Home > 19th Century, Insurrections, Mississippi, North Carolina, Slavery, State > Alexander Elliot papers, 1769-1909.

Alexander Elliot papers, 1769-1909.

October 12, 2009 Leave a comment Go to comments

Creator: Elliot, Alexander, 1797-1870.
Collection number: 4596
View finding aid.

Abstract: Alexander Elliot, lumberman of Fayetteville, Cumberland County, N.C., who also served as a colonel in the militia, was a member of the North Carolina House of Commons, 1824-1825, and the North Carolina Senate, 1826. Chiefly letters documenting Elliot’s lumbering business. Many items are from agents in Wilmington, N.C., who handled the timber that Elliot rafted to them via the Cape Fear River. These letters typically include financial statements relating to the shipment and sale of Elliot’s lumber. There are also many bills and receipts, some relating to buying and selling slaves. Also included are family letters. Some of these letters are from Elliot’s sister, Jane Boylan, who lived in Raleigh, N.C., and wrote in the early 1840s chiefly about family matters. Others are from William Wilkshire Whitfield, Elliot’s nephew, who, in the mid-1840s, wrote to his uncle from Chapel Hill where he was a student at the University of North Carolina. Other family letters, written in the mid- to late-1840s, are from family members who had moved to Columbus, Lowndes County, Miss., to farm. These letters mostly discuss family and agricultural matters, but also include mention of other topics, such as the possibility of slave insurrections in Mississippi and North Carolina. In 1864 and 1865, there are letters to Elliot from a teacher he had hired to provide an education for his children during the Civil War. The volume of materials drops off after the 1860s.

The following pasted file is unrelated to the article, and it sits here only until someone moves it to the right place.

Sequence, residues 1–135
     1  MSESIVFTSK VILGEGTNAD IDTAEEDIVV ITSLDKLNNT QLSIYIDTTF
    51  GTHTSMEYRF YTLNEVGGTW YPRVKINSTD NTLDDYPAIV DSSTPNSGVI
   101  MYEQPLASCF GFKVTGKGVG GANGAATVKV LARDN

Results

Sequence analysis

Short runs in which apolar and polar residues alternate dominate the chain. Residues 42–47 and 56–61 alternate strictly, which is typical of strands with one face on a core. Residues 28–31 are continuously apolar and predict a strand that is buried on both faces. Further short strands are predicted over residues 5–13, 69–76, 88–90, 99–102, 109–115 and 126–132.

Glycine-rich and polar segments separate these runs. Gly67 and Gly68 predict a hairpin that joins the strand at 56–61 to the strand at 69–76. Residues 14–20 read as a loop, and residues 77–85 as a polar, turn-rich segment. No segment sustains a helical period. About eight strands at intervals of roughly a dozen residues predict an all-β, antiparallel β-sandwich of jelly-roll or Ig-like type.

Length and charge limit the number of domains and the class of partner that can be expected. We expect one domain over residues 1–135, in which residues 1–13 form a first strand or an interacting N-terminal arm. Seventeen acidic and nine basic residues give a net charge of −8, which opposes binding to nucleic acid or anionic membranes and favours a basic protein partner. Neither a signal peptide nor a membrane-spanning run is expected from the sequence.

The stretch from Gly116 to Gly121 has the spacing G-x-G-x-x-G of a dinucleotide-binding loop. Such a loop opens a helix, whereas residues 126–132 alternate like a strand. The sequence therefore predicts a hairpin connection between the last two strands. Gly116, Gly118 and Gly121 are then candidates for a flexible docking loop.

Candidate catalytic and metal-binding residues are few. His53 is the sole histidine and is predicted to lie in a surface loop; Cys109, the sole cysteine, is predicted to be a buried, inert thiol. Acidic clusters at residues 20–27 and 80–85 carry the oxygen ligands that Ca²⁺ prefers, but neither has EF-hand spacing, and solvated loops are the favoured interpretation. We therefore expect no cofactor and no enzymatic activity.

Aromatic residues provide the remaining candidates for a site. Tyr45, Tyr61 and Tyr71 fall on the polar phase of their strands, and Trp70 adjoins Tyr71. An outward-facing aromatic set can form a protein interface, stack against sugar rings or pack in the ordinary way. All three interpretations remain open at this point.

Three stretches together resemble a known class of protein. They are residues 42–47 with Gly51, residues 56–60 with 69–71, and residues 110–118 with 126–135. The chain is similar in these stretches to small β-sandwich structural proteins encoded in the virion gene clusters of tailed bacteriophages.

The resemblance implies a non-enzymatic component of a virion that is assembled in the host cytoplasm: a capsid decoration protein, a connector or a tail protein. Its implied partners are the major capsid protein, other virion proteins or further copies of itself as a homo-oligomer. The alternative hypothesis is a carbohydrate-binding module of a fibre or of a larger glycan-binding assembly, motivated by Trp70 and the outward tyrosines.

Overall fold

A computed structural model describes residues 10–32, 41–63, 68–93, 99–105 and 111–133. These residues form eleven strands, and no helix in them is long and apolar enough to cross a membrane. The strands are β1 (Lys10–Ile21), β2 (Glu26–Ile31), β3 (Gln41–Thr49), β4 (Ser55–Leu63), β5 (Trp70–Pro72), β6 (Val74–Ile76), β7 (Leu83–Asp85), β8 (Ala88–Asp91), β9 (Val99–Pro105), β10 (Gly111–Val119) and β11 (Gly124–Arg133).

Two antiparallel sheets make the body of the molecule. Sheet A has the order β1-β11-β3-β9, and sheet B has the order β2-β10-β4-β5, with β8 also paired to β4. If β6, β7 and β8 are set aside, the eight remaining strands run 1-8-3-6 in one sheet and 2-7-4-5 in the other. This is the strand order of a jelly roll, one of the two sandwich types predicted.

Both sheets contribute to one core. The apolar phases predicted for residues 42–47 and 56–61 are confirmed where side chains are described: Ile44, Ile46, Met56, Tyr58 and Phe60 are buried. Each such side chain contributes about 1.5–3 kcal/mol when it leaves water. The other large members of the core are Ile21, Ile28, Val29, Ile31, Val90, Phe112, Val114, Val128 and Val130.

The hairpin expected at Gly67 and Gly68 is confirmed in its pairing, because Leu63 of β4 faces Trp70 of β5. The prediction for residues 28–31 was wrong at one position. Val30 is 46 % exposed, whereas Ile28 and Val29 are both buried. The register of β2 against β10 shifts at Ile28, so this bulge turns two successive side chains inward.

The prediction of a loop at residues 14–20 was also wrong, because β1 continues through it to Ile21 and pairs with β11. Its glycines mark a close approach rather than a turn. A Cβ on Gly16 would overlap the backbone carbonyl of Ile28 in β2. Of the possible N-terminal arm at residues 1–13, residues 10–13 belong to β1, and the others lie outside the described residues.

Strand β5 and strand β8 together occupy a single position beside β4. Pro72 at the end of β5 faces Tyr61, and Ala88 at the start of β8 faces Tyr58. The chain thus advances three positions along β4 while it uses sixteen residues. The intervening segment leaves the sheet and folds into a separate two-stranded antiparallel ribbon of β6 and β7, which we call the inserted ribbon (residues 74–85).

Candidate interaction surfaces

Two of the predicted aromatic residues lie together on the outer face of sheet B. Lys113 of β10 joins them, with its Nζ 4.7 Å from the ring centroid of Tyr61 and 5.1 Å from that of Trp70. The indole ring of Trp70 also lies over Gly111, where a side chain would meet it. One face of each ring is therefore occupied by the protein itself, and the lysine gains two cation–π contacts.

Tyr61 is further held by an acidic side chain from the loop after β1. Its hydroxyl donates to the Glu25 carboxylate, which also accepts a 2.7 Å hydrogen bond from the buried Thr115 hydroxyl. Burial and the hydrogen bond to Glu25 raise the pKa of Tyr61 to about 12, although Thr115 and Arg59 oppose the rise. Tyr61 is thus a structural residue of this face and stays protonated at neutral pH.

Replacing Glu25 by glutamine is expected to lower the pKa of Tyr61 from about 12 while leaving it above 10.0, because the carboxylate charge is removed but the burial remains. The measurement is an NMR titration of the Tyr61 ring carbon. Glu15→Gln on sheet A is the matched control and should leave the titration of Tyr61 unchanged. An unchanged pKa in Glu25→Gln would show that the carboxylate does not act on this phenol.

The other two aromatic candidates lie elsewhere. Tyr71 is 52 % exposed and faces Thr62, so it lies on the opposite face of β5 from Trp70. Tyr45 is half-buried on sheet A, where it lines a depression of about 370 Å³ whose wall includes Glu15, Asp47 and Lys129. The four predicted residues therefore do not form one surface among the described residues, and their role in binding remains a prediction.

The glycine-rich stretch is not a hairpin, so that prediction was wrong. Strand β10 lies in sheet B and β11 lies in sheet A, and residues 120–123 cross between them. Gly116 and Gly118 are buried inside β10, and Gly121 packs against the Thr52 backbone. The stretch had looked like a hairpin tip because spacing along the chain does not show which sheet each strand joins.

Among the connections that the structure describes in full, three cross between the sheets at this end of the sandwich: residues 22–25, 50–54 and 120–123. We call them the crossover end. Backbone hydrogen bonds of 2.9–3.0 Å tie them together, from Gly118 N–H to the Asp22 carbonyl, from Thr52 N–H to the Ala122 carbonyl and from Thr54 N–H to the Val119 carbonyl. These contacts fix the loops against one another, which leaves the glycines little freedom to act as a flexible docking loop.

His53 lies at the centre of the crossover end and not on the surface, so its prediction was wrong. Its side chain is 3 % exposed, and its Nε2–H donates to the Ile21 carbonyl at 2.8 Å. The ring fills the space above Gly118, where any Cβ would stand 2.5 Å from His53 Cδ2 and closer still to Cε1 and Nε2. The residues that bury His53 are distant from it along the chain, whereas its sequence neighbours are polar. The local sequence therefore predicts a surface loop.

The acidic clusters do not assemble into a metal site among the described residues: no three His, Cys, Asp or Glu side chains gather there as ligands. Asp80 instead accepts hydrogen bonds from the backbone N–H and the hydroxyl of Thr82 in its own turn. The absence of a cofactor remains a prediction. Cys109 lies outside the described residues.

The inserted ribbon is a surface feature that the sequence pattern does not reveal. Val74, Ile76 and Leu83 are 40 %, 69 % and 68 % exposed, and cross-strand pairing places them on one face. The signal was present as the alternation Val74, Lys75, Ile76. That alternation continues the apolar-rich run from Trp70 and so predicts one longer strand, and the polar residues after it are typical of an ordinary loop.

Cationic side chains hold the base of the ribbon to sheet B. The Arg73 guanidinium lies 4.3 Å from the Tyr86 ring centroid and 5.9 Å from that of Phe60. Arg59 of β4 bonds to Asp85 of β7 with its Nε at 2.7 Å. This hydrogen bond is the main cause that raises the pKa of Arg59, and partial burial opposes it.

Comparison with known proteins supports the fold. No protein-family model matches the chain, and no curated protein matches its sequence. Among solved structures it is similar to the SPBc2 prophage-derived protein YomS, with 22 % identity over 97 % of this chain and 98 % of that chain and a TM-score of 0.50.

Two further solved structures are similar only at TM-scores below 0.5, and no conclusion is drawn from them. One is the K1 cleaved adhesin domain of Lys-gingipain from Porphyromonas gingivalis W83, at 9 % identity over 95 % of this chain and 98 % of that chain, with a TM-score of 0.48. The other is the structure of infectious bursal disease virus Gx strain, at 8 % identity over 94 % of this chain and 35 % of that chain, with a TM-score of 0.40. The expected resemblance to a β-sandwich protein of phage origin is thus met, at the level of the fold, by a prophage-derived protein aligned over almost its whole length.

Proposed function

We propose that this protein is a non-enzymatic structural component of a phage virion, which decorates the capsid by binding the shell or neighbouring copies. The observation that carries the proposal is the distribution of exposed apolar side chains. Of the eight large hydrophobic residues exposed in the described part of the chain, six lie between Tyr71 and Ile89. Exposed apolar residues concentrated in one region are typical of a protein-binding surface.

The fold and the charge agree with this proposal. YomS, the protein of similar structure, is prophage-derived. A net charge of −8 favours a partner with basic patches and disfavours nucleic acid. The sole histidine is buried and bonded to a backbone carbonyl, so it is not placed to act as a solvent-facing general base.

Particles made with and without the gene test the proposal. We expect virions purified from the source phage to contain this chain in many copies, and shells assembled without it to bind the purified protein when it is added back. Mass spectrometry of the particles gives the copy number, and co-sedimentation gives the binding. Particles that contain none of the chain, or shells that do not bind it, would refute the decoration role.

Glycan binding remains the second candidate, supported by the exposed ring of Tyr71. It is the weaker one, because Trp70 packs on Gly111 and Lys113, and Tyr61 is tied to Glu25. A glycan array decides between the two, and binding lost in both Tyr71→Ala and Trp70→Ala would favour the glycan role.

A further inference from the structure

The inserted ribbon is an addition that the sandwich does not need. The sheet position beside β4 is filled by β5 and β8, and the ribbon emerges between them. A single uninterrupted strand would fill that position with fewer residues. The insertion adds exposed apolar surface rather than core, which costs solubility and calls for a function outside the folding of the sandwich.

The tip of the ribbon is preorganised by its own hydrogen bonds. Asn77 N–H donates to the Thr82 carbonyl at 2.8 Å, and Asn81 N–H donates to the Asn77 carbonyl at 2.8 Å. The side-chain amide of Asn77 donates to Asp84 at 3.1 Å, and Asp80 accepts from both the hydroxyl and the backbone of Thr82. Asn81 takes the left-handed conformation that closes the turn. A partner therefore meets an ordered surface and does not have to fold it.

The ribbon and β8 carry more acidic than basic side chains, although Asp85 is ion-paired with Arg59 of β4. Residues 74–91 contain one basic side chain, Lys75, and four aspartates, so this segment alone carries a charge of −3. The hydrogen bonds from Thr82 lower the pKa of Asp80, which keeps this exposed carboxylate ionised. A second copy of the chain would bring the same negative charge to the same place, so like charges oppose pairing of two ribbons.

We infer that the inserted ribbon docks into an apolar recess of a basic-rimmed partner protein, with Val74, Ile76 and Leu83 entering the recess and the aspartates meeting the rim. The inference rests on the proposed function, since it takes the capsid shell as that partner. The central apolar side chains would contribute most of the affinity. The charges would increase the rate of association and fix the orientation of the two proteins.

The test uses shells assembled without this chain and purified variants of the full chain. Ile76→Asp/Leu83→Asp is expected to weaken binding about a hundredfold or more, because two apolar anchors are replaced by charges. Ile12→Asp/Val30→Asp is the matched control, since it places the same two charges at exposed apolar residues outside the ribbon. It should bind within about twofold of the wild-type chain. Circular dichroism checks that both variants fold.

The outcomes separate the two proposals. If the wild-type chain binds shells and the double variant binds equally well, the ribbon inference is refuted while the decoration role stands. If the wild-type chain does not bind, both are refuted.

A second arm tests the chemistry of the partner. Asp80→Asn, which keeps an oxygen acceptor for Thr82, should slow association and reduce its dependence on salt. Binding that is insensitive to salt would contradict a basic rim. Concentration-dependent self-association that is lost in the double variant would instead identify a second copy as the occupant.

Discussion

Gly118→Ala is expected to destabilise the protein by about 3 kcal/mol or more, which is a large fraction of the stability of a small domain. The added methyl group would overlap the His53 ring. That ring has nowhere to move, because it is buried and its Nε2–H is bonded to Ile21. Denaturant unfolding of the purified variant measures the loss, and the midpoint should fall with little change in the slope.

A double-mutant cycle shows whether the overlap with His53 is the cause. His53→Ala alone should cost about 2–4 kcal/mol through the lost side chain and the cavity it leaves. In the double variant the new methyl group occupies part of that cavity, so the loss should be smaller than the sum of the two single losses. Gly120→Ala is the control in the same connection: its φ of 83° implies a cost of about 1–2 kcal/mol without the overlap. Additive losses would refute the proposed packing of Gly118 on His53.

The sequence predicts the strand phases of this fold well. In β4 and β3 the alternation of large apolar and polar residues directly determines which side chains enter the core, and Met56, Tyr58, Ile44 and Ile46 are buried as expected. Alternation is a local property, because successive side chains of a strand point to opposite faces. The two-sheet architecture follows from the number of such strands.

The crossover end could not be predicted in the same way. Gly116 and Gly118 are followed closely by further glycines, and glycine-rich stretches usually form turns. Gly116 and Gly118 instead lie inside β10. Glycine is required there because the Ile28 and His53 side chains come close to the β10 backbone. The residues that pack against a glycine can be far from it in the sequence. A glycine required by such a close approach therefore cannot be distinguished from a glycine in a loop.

Repository: Southern Historical Collection

Collection Highlights: Contained in the collection are bills and receipts documenting the purchase and sale of slaves. Correspondence covers various topics including the possibility of slave insurrections in Mississippi and North Carolina (1840s).

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